Now being served: Bushwacker
What do you do when you’re hanging around at a beach bar in St.Thomas, US Virgin Islands, in the Spring of 1975 and you’re bored?
Apparently, you invent new drinks. Which is just fine by me.
When Ship’s Store restaurant and bar manager Tom Brokamp and bartender Angie Conigliaro started tweaking a drink based loosely on a classic White Russian, the Bushwacker was the result. Several months later in 1975, Linda Murphy, then owner of the Sandshaker Lounge in Pensacola, Florida, was at the bar in St. Thomas and was served the new concoction. She was so taken with it (and let’s be honest, who wouldn’t be?), when she returned home, she got to work developing a version of her own.
A legend was born.
The Pensacola community liked it so much, they began hosting a festival celebrating, you guessed it, the Bushwacker. And you know any drink that has an entire festival devoted to it, must be good.
This whole thing started when I happened upon a recipe from Tacky Jack’s in Orange Beach, Alabama. They had taken the increasingly popular gulf coast drink, produced their own incarnation and labeled it an Alabama Bushwhacker. Theirs was loosely based on the Sandshaker version.
The original recipe included Vodka, Kahlua, dark Crème de Cacao, whole milk, cream of coconut, and Triple Sec, but I’ve seen a hundred different variations on it.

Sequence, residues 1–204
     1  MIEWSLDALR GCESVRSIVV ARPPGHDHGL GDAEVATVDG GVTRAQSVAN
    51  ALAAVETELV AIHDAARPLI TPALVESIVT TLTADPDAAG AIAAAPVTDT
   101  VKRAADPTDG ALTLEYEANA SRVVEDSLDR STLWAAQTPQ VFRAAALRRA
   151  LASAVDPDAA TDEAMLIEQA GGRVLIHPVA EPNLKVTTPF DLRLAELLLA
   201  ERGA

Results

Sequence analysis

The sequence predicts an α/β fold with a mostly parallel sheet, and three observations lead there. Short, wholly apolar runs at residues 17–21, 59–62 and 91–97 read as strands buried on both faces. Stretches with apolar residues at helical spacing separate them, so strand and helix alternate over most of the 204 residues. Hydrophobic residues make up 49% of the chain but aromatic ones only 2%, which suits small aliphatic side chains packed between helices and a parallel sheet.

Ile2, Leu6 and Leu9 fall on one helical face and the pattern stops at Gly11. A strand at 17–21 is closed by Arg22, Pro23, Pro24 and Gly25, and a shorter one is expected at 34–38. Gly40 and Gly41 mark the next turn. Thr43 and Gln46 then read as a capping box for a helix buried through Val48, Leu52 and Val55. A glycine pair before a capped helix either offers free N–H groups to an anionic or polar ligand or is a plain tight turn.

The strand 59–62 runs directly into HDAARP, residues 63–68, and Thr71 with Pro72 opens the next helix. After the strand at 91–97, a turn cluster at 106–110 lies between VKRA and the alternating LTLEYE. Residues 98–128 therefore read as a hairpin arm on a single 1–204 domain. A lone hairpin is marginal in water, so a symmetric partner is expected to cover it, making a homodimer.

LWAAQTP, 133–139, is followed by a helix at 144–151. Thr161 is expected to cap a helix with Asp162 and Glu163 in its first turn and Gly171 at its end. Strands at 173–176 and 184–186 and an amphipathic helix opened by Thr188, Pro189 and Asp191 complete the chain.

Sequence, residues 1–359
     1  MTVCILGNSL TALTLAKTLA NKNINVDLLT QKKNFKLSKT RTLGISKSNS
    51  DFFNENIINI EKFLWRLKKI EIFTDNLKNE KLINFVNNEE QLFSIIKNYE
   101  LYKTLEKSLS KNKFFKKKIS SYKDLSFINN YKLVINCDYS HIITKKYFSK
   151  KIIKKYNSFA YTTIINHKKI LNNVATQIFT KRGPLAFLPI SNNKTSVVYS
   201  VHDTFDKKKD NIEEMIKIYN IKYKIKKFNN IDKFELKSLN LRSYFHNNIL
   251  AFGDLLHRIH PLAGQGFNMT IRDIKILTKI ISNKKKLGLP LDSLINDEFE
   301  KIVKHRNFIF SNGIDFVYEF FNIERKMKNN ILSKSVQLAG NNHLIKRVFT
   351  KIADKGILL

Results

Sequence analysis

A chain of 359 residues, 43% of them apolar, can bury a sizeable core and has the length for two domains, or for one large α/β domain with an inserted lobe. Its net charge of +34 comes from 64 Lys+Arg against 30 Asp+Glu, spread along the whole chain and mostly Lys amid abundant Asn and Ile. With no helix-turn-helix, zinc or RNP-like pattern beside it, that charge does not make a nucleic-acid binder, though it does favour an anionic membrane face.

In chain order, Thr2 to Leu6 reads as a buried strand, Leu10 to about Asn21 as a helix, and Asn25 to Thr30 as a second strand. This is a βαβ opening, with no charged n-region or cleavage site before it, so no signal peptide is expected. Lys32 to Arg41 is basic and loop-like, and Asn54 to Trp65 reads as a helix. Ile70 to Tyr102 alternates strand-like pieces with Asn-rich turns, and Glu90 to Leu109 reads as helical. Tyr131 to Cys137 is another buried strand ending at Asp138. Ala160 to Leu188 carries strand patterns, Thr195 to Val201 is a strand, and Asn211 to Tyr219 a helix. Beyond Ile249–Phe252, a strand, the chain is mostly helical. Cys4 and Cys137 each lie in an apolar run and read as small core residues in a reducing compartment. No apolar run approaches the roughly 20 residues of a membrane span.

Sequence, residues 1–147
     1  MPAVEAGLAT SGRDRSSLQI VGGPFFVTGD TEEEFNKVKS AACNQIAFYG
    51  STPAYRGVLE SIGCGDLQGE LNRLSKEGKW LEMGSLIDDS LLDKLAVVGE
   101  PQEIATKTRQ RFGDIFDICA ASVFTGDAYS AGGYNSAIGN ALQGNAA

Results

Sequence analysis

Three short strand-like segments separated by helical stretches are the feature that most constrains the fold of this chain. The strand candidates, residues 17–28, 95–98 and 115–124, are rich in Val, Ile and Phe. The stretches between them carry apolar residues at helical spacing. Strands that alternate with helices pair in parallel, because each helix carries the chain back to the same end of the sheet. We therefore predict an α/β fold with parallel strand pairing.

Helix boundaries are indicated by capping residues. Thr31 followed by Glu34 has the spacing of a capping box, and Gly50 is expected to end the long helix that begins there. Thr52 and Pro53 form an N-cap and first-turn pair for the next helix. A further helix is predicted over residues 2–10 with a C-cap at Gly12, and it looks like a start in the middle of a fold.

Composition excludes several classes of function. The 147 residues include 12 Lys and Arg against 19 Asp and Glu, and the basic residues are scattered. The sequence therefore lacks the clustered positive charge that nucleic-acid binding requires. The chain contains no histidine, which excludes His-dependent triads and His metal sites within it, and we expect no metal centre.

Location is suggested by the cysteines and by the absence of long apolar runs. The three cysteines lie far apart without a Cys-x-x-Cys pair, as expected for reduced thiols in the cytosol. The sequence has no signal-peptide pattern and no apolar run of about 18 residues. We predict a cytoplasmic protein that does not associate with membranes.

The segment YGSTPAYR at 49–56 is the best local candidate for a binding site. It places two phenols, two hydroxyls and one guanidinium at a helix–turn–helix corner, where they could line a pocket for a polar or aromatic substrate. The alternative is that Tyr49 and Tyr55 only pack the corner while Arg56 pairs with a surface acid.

[You can download and print the above recipe by clicking on it.]
I, too, took some liberties with Tacky Jack’s recipe, but theirs is what mine is based on. The biggest difference is I do not add the Bacardi 151 float. Honestly, I don’t think it needs it.
Since this is a blended drink, you can use light rum and vodka that are more budget friendly. I don’t find premium quality alcohol is necessary for this particular drink, although I would recommend using the Malibu Rum brand, as that’s what really stands out.
Start out with 3 or 4 ice cubes and then add more to preference. I wouldn’t add more than 8, or so, as the more ice you add, the more it will resemble a slush, and the less creamy it will be.
I do urge you to experiment with this recipe, as there are so many different versions. To see other Bushwacker recipes, go to the Finding Perfect Pinterest board, The Cocktail Hour.
You should also be warned: take heed of the name. They’re not messing around. Without the 151 float, you cannot taste the alcohol, at all, and it’s really easy to down it all before you know it!
So put on your favorite tropical vacation shirt, whip up a batch of Bushwackers, and bid summer a fond farewell.
What better way to cruise right on into fall?